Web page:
Common marketing missteps waste time and money. These 5 fixes are GAME CHANGERS.

Carolyn Daughters for President

Carolyn Daughters for President

Some years back, a friend thought I’d make a good elected official. Instead of writing “Carolyn Daughters for president!” he wrote “Carolyn Gowers for president!”

A few years back, I sent a handful of friends an email rant about what I see as the sad state of affairs in today’s educational system. One of those friends (I’ll call him Reginald Summerfruit) responded to that email with the following statement: “Carolyn Gowers for president!” Huh? Surely he meant “Carolyn Daughters for president!” Right?

Carolyn: Carolyn Gowers? Really?

Reginald Summerfruit: What’s wrong? Is it “Gower” singular?

Carolyn: Dear God.

See, it was then that I realized that, though Reginald and I had been friends for years, he didn’t know my last name. Or, rather, he thought he did know my last name. It was “Gowers.”

Why did he think this? Well, one of my email addresses is For bloggish clarification purposes, I’m going to parse this address. Here goes —

  • “carolyn” is my first name
  • “daughters” is my last name
  • @ means “at”
  • gowerstreet” is the name of my company
  • “.net” is what I was stuck with cause some London hotel had already taken “.com”

Complicated, no? No? Well tell that to Reginald Summerfruit, who to this day has my name typed into his iPhone address book as “Carolyn Gowers.”

Bobby Joe Treknobabble: By the way, linguistically it should be “Springfruit,” not “Summerfruit.” Or if you really want to get technical, “Winterfruit,” since this particular fleshy fruit grows in the winter months in temperate rainy regions like the Pacific Northwest.

Reginald: Are you calling me a fleshy fruit?

Carolyn: Hello, it’s a made-up word. Linguistically, technically, and otherwise it doesn’t exist.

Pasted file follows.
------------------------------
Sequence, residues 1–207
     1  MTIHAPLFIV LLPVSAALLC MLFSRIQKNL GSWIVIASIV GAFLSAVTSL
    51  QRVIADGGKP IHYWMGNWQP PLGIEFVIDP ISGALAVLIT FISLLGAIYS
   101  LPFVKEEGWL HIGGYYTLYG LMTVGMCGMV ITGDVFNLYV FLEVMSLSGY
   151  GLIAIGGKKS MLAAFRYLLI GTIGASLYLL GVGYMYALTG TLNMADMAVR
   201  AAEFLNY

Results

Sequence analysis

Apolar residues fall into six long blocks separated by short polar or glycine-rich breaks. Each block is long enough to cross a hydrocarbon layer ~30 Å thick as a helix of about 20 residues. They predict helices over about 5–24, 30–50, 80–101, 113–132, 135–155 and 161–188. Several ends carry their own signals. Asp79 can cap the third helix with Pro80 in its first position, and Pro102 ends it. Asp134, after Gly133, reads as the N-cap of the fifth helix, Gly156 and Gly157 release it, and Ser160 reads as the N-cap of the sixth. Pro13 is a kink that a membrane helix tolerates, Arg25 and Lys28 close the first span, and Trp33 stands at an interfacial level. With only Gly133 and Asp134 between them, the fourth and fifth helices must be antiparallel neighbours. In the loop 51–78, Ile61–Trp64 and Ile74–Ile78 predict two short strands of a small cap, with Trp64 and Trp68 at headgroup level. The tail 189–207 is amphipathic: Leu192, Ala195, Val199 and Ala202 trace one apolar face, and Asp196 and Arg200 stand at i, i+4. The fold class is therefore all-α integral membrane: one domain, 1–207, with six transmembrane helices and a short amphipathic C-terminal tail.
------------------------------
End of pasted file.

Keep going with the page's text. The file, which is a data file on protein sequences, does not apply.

Reginald: Are you saying I don’t exist?

Carolyn: I know it doesn’t exist because I have mastered all English-language vocabulary while working on my novel. You know, the one I started last September.

Dr. Claire Lewicki: How’s the novel coming along, by the way?

Carolyn: Pretty well, thanks for asking. I’m about halfway through the first draft.

Bobby Joe: Winterfruits totally exist. I know because I studied them back when I was a botanyastroloentomology major one semester 10 years ago.

Reginald: Bobby Joe, why are you even in this blog?

Bobby Joe: Science!

Reginald: Seriously, Caro, why is he in this blog?

Carolyn: I don’t know. The blog has sort of gotten away from me.

Reginald: You think?

Carolyn: Anyhow, springfruit sounds stupid. Winterfruit sounds stupid too.

Reginald: Talking about words that sound stupid, what’s with the nickname Caro?

Carolyn: What about it?

Reginald: I don’t like it. Who came up with it?

Carolyn: You did. You’re the only person who calls me “Caro.”

Reginald: Are you sure?

Carolyn: Yes.

Reginald: Not to change the subject, Caro, but I’m wondering how your novel is coming along. Are you still working on it? I haven’t heard you talk about it for months.

Carolyn: Reginald, I think you should have your head examined by Dr. Claire Lewicki.

Dr. Claire Lewicki: That job is too challenging for even a brain surgeon like myself to handle.

Bobby Joe: Science!

Reginald: There’s no need to be rude. I’m trying to be supportive here. I can’t wait for the day when I walk into Tattered Cover and see a display of books written by Caro Gowers.

Carolyn: Yeah, I can’t wait for that day either. I hear that Caro Gowers is a brilliant writer.

Reginald: And she should definitely run for president.

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